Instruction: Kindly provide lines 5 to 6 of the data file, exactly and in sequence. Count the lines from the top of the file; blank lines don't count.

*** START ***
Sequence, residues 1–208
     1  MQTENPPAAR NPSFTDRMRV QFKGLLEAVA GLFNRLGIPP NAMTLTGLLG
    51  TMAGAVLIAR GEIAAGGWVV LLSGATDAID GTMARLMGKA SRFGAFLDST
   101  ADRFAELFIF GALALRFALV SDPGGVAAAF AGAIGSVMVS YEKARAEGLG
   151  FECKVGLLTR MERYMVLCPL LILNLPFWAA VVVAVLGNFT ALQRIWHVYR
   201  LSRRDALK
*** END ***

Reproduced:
   151  FECKVGLLTR MERYMVLCPL LILNLPFWAA VVVAVLGNFT ALQRIWHVYR
   201  LSRRDALK